By Lefteris Yallouros – Athens
Greece’s left-wing main opposition party, SYRIZA, commented on the results of European Central Bank stress tests on Monday via the release of a non-paper.
SYRIZA has urged the government to keep the Hellenic Financial Stability Fund’s stake in the country’s systemic banks intact as well as issue new shares at the value of the banks’ tax credit.
Banks stand to gain between 3 and 5 billion euros from changes to the country’s laws on deferred tax assets.
The main opposition party stresses that the state has bailed out banks with 4o billion euros plus an extra 10 billion euros from deferred tax. Through the recapitalization process, according to SYRIZA, the public interest has not been served well as the state lost almost 8 billion euros.
Armed with 50 billion euros ($68 billion) from the country’s 240 billion-euro EU/IMF bailout, the Hellenic Financial Stability Fund (HFSF) was set up to recapitalize the top four banks and cover the cost of winding down others deemed non-viable.
Furthermore, SYRIZA notes, banks are yet to boost liquidity, wipe out non-performing loans for poor, over-indebted households and honest, struggling businesses or assist the real economy in recovering from the prolonged crisis. According to SYRIZA, the government has done everything it can through its provisions for non-performing loans to serve the interests of corrupt businessmen and bankers.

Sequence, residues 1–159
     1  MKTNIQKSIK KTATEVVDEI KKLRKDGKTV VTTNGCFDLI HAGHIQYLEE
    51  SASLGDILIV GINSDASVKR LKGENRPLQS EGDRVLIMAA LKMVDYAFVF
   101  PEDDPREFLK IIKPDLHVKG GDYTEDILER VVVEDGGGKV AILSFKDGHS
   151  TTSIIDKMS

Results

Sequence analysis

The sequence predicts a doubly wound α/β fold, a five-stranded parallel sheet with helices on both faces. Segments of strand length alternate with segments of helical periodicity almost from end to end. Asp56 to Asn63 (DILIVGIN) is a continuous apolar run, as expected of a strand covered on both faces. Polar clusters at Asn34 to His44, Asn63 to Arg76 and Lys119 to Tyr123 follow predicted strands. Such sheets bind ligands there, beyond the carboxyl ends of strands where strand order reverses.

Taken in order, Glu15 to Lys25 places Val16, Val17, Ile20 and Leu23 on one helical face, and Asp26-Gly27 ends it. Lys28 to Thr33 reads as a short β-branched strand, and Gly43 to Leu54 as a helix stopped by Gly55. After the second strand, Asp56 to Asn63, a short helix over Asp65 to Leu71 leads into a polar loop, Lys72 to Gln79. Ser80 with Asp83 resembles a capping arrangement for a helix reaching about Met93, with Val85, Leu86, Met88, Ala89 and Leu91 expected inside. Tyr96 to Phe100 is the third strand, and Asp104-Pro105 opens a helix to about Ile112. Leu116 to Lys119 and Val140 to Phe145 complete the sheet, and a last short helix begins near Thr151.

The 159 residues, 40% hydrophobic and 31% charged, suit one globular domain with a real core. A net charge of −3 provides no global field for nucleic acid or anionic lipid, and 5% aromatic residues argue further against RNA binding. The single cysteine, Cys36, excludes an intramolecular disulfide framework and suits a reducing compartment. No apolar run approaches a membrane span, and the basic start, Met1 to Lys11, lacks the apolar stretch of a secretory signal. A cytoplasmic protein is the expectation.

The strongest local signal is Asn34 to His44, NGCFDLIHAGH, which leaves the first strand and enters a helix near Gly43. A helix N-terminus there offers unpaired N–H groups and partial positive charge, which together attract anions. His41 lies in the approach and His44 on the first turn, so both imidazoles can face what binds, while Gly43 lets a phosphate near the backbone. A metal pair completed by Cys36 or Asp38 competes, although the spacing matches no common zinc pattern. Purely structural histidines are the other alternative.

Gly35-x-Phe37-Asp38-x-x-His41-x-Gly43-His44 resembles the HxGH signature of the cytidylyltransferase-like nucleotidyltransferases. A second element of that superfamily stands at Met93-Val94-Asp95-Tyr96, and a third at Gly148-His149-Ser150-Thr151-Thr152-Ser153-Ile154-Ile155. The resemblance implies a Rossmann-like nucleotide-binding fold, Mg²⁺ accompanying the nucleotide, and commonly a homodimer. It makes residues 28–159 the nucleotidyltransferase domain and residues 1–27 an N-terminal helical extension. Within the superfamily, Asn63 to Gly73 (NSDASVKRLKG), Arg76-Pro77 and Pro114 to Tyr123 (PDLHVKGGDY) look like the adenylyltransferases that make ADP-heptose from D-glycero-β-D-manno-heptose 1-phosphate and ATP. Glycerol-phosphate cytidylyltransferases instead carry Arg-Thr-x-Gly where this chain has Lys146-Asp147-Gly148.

Naturally, the government refuted all of SYRIZA’s claims. Finance minister Gikas Hardouvelis expressed satisfaction that the country’s banking system «passed successfully» the ECB’s stress tests, noting that Athens still has a buffer of 11.4 billion euros at its bank bailout fund.
“It’s extremely important that the reserves of 11.4 billion euros at the HFSF (Hellenic Financial Stability Fund) are left unused,» Greek Finance Minister Gikas Hardouvelis said in a statement.
On Monday, government spokeswoman Sofia Voultepsi criticized SYRIZA of being disappointed that the bank deposits of the Greek people have been secured and of wanting to nationalize the country’s banking system.
Following the successful results in the ECB-run stress tests, rumors surfaced on Monday that banks will seek to acquire shares owned by the Hellenic Financial Stability Fund in order for private owners to hold majority stakes. The move could be fast-tracked through the use of warrants in Alpha Bank, the National Bank of Greece and Piraeus Bank.